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Art School Quotes

We’ve collected the best Art School Quotes from the greatest minds of the world: Jane Campion, Jeff Koons, Amanda Seyfried, Damon Wayans, Jr., Peter Capaldi. Use them as an inspiration.

I did this Super-8 film at art school called ‘Tissues,’ this black comedy about a family whose father has been arrested for child molestation. I was absolutely thrilled by every inch of it, and would throw my projector in the back of my car and show it to anybody who would watch it.
I went to art school… but I worked at the Museum of Modern Art. I worked in fundraising at the information membership desk. I ended up, over a period of time, doubling the amount of membership revenue that came in through people entering the museum, so people would ask me to come and work for them.
I went to art school when I was little. I took ballet lessons. I played a little kick ball. I was sort of into everything because I had too much energy and I didn’t know where to put it. When I was a preteen, I got into singing, and became really obsessed with it.
I wanted to be an animator originally. I went to art school; I went to art college and everything. But that screen was just calling me.
Damon Wayans, Jr.
I got into music, I was in a band, I was at art school. I was quite trendy, although I’d hate to meet myself. The over-preening, the pretentiousness, the arrogance of youth! I think, ‘Oh, that guy was so full of himself.’
I was fortunate enough to go to an art school where we had a lot of different ethnicities represented.
Has the painter not always gone to an art school, or at least to an established master, for instruction? And the composer, the sculptor, the architect? Then why not the writer? Good poets, like good hybrid corn, are both born and made.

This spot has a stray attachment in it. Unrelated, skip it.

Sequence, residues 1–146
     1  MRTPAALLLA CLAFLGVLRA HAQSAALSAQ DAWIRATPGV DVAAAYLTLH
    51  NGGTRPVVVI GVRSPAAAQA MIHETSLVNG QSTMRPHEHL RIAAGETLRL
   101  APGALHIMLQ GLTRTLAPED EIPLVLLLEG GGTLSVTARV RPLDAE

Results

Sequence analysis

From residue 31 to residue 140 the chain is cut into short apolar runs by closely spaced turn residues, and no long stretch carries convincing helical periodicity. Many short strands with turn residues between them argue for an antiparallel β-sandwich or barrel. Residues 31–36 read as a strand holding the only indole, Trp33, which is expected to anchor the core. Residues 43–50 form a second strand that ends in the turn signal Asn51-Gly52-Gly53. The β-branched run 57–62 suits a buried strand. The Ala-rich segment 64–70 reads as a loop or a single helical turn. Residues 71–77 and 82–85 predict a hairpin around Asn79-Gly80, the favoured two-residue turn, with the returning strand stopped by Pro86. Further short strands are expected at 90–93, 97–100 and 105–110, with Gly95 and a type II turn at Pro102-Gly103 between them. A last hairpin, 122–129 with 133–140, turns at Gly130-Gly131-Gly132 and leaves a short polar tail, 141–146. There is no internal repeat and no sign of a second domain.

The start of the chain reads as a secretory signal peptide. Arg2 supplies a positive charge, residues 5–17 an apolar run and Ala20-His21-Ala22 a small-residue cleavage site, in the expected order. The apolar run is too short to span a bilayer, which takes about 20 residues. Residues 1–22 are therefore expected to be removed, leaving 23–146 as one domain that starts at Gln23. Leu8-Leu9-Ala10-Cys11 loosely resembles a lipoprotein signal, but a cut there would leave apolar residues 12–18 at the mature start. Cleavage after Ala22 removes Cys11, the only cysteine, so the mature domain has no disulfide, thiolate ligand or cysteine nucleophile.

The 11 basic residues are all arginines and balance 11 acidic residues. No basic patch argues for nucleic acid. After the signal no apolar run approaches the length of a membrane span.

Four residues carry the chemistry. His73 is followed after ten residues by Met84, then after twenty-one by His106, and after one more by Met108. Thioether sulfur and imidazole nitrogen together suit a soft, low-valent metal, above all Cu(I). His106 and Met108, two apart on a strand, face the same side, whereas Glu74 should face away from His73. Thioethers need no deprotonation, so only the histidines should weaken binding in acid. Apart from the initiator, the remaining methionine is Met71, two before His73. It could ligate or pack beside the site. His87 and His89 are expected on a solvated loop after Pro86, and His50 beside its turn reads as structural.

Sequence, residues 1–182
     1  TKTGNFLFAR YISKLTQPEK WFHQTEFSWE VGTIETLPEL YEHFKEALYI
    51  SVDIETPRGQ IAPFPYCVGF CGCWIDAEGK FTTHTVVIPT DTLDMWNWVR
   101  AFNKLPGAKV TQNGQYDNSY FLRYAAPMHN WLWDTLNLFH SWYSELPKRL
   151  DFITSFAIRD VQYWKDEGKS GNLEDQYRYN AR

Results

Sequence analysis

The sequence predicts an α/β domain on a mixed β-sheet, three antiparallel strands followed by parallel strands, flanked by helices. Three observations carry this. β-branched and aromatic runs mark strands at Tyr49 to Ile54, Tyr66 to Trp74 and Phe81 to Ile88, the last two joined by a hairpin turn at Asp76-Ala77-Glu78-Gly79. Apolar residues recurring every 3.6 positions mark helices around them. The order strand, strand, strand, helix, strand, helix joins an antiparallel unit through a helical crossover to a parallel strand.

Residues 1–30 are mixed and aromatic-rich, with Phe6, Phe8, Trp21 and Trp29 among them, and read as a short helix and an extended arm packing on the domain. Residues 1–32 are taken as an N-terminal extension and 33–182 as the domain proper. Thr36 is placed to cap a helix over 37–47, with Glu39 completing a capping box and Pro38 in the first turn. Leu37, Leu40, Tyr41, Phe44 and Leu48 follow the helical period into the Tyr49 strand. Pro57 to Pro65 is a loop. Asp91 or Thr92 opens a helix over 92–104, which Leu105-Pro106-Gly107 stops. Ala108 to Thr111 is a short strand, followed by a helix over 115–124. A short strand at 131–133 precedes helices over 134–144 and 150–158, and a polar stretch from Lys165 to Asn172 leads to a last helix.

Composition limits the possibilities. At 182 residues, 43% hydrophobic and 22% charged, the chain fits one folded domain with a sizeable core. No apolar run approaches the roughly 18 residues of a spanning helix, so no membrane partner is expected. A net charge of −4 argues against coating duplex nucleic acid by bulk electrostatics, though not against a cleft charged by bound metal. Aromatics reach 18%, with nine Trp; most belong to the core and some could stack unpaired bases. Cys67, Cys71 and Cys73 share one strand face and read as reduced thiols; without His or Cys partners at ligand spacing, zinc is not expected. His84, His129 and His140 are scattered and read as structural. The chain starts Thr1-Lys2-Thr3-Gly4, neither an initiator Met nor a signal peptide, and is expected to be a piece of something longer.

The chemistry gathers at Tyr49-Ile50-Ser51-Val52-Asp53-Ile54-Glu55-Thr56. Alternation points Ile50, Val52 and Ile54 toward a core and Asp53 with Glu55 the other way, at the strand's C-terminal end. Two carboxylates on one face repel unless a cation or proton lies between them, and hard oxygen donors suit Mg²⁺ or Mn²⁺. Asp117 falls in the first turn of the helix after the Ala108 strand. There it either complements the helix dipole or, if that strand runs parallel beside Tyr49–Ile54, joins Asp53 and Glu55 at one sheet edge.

I went to a quite macho art school in the 1970s, and while everyone was making hulking big sculptures, I was making things out of bits of paper.
At art school, a teacher said: ‘The best paintings are when you get lost in a piece of work and start painting in a stream of consciousness.’ I wanted to do music, not art, so started writing lyrics that way. The first song I wrote was called ‘Ice Cream and Wafers.’ The next was ‘Holding Back the Years.’
I began painting well before I started doing comedy. In fact, when I came out of the war in 1946, I enrolled in art school in Dayton, Ohio. I painted for three years, and then show business took hold.
My mother was an art school teacher and my father was an interior designer. So we’ve been relatively open minded as opposed to my conservative maternal side.
I fantasized that I went to art school with the Beatles.
You never, ever leave art school. It’s important to keep finding inspiration. I look at YouTube videos and think, ‘How would I do that?’ I like experimenting with things. For instance, drying paintings off too quickly in a microwave can look strangely beautiful.
I was an actor as a kid in Boston. Then I went to art school with Brice Marden, the Massachusetts College of Art. So the hybrid of being an actor and artist is a director.
I graduated. I did History of Art, you know, all those things – American Studies – and then I went to art school, and I did Joseph Alvarez in the art school.
Peter Beard
I went to art school, and I studied drawing and video art, and I’ve always approached music so visually as a result that I found it really difficult in the past to kind of hand off music to another director, ’cause it just ends up being this kind of mid-zone where it’s nobody‘s vision, really.